WASHINGTON — The National Assn. of Securities Dealers said Wednesday that it is investigating at least three large mutual fund companies on allegations that they misled customers about investment risks.
The companies, which the NASD would not identify, allegedly advertised funds as safe, conservative investments even though they contained risky derivatives securities, said Barry R. Goldsmith, the top enforcement official for the NASD's regulatory unit.
Goldsmith said the NASD, an industry body that polices all U.S. brokers and runs the Nasdaq Stock Market, expects to file at least two cases against fund companies in the next few months. He didn't say when additional cases might be filed.
"We're really focusing on information delivered at the point of sale, including prospectuses, advertising, sales literature, oral representations and sales scripts," Goldsmith said. "Several funds appear to be understating their risks."
The NASD is also examining these funds for possible violations of "suitability" regulations requiring them to evaluate whether investments fit customers' financial objectives, Goldsmith said.
Derivatives are contracts whose value is tied to the fluctuating value of another asset, such as a bond, commodity or currency. They're used to hedge against changes in the value of those assets, or to make leveraged bets.
Derivatives investments have led to huge losses in recent years for municipalities such as Orange County and companies such as Gibson Greetings Inc. and Procter & Gamble Co.
Goldsmith, who joined the NASD two months ago, wouldn't say exactly how many funds are under fraud investigation, but he said the NASD is investigating "at least three cases of large fund companies." Each company has one or more funds under scrutiny, he said.
Each fund under inquiry has thousands of customers who have invested a total of hundreds of millions of dollars, Goldsmith said. The allegations are similar to those made in the NASD case against Piper Jaffray Cos. in March, he said.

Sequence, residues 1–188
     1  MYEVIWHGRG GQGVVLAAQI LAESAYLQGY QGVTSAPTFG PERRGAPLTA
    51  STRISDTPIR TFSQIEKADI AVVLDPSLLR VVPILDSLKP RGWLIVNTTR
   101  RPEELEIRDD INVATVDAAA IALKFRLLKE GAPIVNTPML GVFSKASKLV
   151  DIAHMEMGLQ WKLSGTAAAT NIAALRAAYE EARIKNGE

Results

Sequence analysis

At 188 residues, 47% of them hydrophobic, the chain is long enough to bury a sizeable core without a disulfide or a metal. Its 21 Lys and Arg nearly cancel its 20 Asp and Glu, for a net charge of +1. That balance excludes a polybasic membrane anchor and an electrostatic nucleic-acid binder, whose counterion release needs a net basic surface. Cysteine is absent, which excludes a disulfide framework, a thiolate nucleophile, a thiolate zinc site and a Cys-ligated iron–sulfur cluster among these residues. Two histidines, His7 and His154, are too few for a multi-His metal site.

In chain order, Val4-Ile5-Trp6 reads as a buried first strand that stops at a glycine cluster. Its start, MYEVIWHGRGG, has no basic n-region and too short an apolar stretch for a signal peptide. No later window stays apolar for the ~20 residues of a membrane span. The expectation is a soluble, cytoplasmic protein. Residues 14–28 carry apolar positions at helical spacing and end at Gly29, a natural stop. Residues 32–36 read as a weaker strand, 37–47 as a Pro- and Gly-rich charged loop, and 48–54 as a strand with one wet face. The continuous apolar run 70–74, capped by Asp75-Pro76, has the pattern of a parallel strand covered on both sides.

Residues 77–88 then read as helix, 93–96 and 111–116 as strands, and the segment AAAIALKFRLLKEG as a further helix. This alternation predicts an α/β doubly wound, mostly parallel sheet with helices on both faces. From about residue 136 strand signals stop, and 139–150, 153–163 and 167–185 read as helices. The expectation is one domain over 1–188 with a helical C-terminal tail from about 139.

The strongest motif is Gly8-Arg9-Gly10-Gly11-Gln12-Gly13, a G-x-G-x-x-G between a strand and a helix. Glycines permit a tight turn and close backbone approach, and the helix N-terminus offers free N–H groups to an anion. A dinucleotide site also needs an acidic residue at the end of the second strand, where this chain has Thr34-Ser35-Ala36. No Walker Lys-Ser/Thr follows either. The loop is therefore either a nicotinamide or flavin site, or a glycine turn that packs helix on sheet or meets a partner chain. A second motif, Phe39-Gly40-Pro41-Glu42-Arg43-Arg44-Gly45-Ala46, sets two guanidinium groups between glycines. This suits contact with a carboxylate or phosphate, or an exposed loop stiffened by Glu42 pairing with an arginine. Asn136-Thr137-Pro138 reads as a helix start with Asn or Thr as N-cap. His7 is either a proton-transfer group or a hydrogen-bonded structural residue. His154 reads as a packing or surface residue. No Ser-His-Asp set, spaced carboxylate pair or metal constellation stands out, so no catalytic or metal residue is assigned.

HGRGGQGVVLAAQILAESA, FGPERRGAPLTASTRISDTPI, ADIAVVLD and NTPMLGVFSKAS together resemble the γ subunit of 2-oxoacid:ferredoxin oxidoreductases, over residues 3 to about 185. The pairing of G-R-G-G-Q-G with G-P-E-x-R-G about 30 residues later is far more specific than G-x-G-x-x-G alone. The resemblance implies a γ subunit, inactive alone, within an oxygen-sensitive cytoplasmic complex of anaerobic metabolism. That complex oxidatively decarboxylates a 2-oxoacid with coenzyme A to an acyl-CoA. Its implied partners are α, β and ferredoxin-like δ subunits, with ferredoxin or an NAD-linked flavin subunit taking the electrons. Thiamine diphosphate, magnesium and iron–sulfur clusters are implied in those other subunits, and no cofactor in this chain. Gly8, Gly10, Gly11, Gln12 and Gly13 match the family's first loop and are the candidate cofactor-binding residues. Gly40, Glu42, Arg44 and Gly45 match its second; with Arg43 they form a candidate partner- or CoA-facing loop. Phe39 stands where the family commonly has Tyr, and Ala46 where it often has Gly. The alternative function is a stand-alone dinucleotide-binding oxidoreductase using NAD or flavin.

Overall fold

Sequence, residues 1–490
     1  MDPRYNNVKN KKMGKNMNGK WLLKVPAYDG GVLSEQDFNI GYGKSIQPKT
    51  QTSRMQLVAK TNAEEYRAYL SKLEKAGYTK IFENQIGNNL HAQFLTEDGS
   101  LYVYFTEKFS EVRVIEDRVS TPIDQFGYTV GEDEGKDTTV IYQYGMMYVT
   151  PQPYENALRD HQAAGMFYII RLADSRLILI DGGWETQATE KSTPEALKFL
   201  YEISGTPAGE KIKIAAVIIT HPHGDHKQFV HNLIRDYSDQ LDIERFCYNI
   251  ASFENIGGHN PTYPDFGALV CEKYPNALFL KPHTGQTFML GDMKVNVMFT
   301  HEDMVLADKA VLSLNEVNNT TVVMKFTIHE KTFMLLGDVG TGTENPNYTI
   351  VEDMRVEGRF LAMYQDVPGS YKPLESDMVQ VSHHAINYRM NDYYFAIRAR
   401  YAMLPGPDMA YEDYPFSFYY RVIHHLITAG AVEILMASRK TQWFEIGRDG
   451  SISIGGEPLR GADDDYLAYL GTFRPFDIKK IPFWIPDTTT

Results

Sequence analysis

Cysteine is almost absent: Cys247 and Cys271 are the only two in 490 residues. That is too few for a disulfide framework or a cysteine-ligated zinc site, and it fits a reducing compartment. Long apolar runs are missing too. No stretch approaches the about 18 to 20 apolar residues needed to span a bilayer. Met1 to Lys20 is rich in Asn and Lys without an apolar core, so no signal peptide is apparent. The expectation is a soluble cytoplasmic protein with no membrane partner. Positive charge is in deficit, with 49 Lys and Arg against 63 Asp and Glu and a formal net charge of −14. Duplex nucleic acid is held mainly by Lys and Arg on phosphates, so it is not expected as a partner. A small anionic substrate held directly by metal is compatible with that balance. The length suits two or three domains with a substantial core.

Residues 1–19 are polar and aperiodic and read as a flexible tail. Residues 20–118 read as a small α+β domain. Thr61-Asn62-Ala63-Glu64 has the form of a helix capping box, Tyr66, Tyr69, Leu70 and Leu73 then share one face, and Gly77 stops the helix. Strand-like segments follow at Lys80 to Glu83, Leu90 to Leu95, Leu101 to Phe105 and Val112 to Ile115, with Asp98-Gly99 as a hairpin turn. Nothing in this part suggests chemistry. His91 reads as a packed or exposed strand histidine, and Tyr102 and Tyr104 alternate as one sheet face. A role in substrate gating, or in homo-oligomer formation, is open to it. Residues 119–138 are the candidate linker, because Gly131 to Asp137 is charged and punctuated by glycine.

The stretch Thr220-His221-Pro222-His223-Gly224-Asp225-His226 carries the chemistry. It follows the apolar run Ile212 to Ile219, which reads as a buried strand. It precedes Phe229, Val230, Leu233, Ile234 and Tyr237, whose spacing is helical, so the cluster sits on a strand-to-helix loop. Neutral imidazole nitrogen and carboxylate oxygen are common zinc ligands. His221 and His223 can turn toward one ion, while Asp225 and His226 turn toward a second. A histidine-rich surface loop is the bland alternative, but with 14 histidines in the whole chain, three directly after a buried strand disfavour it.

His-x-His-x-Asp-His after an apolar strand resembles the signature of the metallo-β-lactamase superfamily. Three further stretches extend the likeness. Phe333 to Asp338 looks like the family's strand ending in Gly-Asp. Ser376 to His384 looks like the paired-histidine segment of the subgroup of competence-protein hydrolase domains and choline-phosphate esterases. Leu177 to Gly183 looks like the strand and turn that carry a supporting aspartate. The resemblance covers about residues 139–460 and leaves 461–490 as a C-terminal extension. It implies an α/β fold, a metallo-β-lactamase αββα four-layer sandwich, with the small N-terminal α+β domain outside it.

The NASD fined Piper Jaffray, a regional brokerage firm, $1.25 million in a case in which it was accused of failing to tell investors that one of its mutual funds that plunged in value contained derivatives. About 7,000 investors, many of them Midwest retirees, lost $120 million from investing in the firm's Institutional Government Income Portfolio between 1991 and 1994.
Goldsmith, former chief litigation counsel of the Securities and Exchange Commission, said the NASD investigations originated from routine annual examinations of fund procedures.
In addition to Piper Jaffray, at least three other funds--managed by Fundamental Portfolio Advisors Inc., PaineWebber Group Inc. and Value Line Asset Management--suffered losses by investing in derivatives in 1994 when interest rates rose.
Fundamental was sued by investors and agreed last summer to settle the suit for $500,000. The company said in March that it is under SEC investigation related to the adequacy of its marketing disclosures to investors. The New York-based company declined to comment Wednesday.
PaineWebber paid $90 million, including $33 million to investors, to shore up its $1-billion Short-Term U.S. Government Income Fund following 1994 losses in high-risk mortgage securities. The New York-based firm also declined to comment.
Value Line had two "government securities" funds with a total of $455 million in assets that lost money in 1994 after investing in so-called inverse floaters, or bonds whose coupon payment rises as a benchmark interest rate falls. The New York-based company also declined to comment.